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Affidavit No. 4456/2008

Sworn Statement

After having been warned to tell the truth and nothing but the truth or else I shall be subjected to penal action, I, the undersigned, Kafa ‘Abd-al-Karim Mohammad Shteiwi, of Palestinian nationality, holder of ID No. 955690169, born on 1 January 1970, a housewife and a resident of Kufr Qaddoum village, Qalqiliya Governorate, would like to declare the following:

On 22 October 2008, I was with my children: Ahmad, who is five years old, and Suha, who is two and a half years old. We were accompanied by three British women, who were international volunteers: Linda, Josephine and Sue, who were all in their early sixties. In coordination with the village council, these British women had come to help the village residents with the olive harvest. We were riding in the car, which was a grey Volkswagen, belonging to Mr. Jamal Amin Jum'a, who is about 35 years old. We were leaving our village of Kufr Qaddoum to go to our olive groves, located about seven kilometres west of the village. Having travelled almost two thirds of the distance, only about 300 metres away from our land, we stopped the car, as the road was too rugged for the car to continue. As soon as we stopped and stepped out of the car, the driver turned the car around so that he could go back, while we would continue on foot.

However, the driver stopped, stepped out of the car as well, and stood beside us. We were surprised to see a Jewish man standing at a distance of about two metres away from us, carrying an iron bar in his hand and waving it in the air in all directions. He was wearing a white shirt and trousers, a cap on his head, and appeared to be in his late thirties. As soon as he saw us, he began to whistle and he looked towards the top of a mountain located approximately 150 metres in front of us to the east. We realised that a large number of settlers was standing on top of that mountain. They quickly hurried down the mountain until they were facing us. We stood there next to the settler, not knowing what to do, with the driver holding my children in his hands.

The settlers were in civilian clothes of various colours, and I did not see them carrying any weapons. When they were about 50 metres away, they started to throw stones at the car and in our direction. Two of them came closer, wanting to take my children and kidnap them. At that point, I started to scream and managed to take my children from the driver and to run into the car for protection.

From inside the car, I saw another group of settlers try to capture the driver and the foreign women. However, they also managed to flee and get inside the car. The settlers started attacking the car with stones while we were all inside. The children started screaming in fear. The settlers damaged the car’s hood and headlights with the stones they were picking up off the ground. We were all in a severe state of fear and panic. Then, the settlers began shouting in Hebrew, which the driver understood.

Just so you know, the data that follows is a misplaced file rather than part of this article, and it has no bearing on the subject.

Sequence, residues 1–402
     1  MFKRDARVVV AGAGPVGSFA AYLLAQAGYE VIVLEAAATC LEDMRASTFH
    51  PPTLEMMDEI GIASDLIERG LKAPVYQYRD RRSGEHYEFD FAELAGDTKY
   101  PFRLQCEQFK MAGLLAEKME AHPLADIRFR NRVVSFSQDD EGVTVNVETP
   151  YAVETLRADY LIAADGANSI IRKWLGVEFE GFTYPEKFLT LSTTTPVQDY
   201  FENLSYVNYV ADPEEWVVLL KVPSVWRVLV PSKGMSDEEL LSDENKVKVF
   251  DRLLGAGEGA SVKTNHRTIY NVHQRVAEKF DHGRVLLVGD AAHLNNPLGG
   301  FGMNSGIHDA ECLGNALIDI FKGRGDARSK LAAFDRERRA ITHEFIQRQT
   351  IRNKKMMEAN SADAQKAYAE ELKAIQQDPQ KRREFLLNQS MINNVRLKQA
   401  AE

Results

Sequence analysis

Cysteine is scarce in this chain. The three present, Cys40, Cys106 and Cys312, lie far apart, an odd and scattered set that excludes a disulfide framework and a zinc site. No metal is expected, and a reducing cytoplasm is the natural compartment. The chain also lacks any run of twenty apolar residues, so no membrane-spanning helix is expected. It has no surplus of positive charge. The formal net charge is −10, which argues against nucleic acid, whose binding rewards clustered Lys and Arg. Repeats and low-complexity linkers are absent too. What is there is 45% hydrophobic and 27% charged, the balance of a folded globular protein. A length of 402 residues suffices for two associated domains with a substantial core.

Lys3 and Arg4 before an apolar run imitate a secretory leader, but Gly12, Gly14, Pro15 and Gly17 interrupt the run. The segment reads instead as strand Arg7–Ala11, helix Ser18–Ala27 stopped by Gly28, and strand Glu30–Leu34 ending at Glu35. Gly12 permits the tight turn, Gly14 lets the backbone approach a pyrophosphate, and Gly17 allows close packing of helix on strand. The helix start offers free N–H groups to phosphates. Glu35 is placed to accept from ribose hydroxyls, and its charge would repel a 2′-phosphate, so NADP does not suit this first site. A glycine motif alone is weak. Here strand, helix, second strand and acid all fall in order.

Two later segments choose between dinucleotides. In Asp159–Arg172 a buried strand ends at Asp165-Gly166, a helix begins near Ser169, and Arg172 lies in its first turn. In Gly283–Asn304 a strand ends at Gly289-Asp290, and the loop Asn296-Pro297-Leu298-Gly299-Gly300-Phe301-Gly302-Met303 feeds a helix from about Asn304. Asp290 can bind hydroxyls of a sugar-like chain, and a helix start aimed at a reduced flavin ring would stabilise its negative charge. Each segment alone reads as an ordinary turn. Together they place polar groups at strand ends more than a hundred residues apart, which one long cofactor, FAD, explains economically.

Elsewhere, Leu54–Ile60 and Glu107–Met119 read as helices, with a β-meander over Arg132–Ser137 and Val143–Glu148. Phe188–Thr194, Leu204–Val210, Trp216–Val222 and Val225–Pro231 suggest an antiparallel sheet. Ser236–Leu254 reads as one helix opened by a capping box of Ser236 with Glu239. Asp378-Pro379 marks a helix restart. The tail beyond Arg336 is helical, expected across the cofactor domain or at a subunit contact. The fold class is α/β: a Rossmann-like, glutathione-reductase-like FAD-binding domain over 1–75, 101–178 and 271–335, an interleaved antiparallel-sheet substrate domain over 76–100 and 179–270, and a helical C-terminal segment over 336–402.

He told us that they were saying that they wanted to bring fuel and burn the car and those inside it. We were stricken with fear and asked the driver to leave the area. So the driver took off at a great speed. When we were about 150 metres west, away from the settlers, we stopped and looked towards them. No one chased us; they stayed in their place. One of the foreign women, Linda, called the Israeli police to let them know what had happened. Her call with them lasted about two minutes. I did not understand the language she spoke, but the driver informed me that she was explaining the situation to the police. After her call, I took her phone and called my husband, Abu al-Nimer, and told him what had happened to us. About 20 minutes later, my husband arrived, accompanied by dozens of village residents. We got out of the car and stood beside them and they began to talk with us. Around an hour and a half later, I saw two Israeli patrol vehicles, one of which was a Hummer and the other a Jeep, as well as an Israeli police car, arrive and stop beside the settlers. At that point, we dared to approach them all together. My husband began to argue with a member of the police in Arabic. The police officer told my husband and others present that the area we were currently in was a closed military zone that day. Accordingly, we were forbidden to access the area that day and the foreign women were forbidden from accessing it for all of their future days with us, as they said it was prohibited to bring any foreigners into the olive groves.

The police, the army, and the setters expelled us from the area. So with soldiers pointing their weapons towards us, we left the area and do not know what happened to them after we left. We returned the following day, but of course, without the foreign women. I went with my children, but my husband did not come because of his job as the chairman of the village council. As soon as we arrived at our land, we found that all of our belongings, including four olive mats, two ladders, five sacks of olive crops,
a tea kettle, cups, dishes, tea and sugar, were missing. It is well known that no one from the village would dare to come to the land, as it was a closed military zone. I immediately went back and told my husband what had happened. Take into account
that we used to leave the olive crops on the land because cars could not always transport them on a daily basis, as the road was too rugged, so we would leave them in order to then transport them all at once.

 

Affidavit Details

  • Affidavit Number: 4456/2008
  • Field researcher: Husniyya ‘Ali Ahmad
  • Affidavit Date: 23 October 2008
  • Name: Kafa ‘Abd-al-Karim Mohammad Shteiwi
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